Celebrating Carols Part 3: Canticle of the Turning

In this, the third installment on the wonder of Christmas carols, I turn to “Canticle of the Turning.”

The lyrics are a paraphrase of the Magnificat: God is great, and yet even as the great God this deity looks upon the weak, the small, and causes the servant girl’s name to be blessed forever:

    1. My soul cries out with a joyful shout
    that the God of my heart is great,
    And my spirit sings of the wondrous things
    that you bring to the ones who wait.
    You fixed your sight on your servant’s plight,
    and my weakness you did not spurn,
    So from east to west shall my name be blest.
    Could the world be about to turn?

The refrain captures the dual nature of Luke’s Christology that I reflected on this morning and as part of the Advent Blog Tour a couple weeks ago. The coming of the king is an ambivalent affair: salvation and judgment come close at hand to one another.

But more than that, the refrain (and title) strikes me as capturing something of the magnitude of the Christian confession that Jesus is Lord that we too often miss. It is the same point made by referring to our years as “A.D.”: the ages have turned, the new era of God’s reign is upon us:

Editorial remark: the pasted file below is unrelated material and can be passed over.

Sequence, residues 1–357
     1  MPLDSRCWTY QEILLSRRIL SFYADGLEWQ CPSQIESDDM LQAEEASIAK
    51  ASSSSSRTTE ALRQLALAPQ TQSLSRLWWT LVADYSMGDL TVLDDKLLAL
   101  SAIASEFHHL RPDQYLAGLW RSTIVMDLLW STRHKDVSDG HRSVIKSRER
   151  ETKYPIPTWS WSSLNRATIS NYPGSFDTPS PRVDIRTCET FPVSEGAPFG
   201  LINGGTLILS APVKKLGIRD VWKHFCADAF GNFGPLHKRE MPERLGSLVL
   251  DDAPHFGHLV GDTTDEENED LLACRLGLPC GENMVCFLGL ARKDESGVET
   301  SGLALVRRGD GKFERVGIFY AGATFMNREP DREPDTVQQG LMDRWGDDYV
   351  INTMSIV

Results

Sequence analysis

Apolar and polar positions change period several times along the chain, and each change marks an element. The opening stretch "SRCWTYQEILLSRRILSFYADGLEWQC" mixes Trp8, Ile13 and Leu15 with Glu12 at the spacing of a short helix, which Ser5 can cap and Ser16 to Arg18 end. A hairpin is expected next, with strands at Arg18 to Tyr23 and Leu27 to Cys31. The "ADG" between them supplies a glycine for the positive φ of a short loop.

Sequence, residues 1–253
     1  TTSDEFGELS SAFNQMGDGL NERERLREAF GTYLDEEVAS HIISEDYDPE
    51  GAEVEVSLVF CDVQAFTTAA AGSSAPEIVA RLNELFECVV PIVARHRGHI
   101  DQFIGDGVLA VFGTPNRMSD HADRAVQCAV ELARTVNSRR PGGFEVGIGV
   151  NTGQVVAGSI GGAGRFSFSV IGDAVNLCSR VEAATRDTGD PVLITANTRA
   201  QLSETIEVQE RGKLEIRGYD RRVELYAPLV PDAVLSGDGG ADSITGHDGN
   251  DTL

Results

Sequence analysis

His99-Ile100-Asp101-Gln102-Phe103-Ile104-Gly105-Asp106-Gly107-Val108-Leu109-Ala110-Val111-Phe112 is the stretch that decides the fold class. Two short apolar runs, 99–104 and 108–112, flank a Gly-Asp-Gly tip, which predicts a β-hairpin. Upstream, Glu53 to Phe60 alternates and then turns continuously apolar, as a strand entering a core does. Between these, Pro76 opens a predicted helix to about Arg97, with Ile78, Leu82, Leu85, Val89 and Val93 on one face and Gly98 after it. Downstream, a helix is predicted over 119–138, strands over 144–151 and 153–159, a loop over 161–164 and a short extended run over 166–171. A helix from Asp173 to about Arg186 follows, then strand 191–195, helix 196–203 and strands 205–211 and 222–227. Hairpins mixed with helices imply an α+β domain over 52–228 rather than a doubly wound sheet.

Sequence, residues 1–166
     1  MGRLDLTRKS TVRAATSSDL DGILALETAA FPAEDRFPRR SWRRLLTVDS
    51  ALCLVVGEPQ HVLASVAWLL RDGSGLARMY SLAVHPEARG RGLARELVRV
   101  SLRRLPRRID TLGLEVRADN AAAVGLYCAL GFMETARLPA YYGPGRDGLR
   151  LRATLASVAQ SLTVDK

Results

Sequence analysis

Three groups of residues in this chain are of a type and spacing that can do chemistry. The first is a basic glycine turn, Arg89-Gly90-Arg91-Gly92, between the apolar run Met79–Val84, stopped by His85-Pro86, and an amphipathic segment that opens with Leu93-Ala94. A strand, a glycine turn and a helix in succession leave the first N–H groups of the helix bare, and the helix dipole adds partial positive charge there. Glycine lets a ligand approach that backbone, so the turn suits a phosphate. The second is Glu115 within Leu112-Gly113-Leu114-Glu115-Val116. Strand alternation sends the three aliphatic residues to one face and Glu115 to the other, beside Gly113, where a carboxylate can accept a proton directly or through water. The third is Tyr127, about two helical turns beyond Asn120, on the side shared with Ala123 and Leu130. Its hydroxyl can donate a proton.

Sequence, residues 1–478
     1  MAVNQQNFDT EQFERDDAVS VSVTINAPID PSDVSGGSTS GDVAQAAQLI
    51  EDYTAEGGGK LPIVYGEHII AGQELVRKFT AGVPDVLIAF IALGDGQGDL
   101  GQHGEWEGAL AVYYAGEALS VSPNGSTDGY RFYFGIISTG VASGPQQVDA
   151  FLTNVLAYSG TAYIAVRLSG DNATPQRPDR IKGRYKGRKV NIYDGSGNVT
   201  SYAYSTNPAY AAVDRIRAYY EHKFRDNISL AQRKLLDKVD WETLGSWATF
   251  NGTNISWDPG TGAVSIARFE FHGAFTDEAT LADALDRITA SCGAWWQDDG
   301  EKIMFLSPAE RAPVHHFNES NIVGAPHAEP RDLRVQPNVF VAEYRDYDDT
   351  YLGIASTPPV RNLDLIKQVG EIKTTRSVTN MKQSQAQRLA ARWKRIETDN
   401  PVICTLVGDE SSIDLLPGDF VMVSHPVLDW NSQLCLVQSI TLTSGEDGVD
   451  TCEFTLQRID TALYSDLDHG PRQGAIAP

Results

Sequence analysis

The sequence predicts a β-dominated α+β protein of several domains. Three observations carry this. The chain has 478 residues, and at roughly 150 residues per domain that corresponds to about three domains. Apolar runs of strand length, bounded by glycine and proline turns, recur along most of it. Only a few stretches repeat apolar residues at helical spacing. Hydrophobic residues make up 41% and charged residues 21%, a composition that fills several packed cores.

Refrain
    My heart shall sing of the day you bring.
    Let the fires of your justice burn.
    Wipe away all tears, for the dawn draws near,
    and the world is about to turn!

The lyrics continue to hold together the human weakness of the singer, the grandeur of God, and the world-transforming consequences of that God taking those weak people for God’s own:

    2. Though I am small, my God, my all,
    you work great things in me,
    And your mercy will last from the depths of the past
    to the end of the age to be.
    Your very name puts the proud to shame,
    and to those who would for you yearn,
    You will show your might, put the strong to flight,
    for the world is about to turn.

    3. From the halls of power to the fortress tower,
    not a stone will be left on stone.
    Let the king beware for your justice tears
    ev’ry tyrant from his throne.
    The hungry poor shall weep no more,
    for the food they can never earn;
    There are tables spread, ev’ry mouth be fed,
    for the world is about to turn.

    4. Though the nations rage from age to age,
    we remember who holds us fast:
    God’s mercy must deliver us
    from the conqueror’s crushing grasp.
    This saving word that our forebears heard
    is the promise which holds us bound,
    ‘Til the spear and rod can be crushed by God,
    who is turning the world around.

Peace is coming. Fullness for the empty has drawn near. The Merciful One will remember to show mercy to those who fear him. The dominion of plenty has drawn near to conquer the economy of lack.

The kingdom of God comes near through the birth of David’s great Son. The ages turn.

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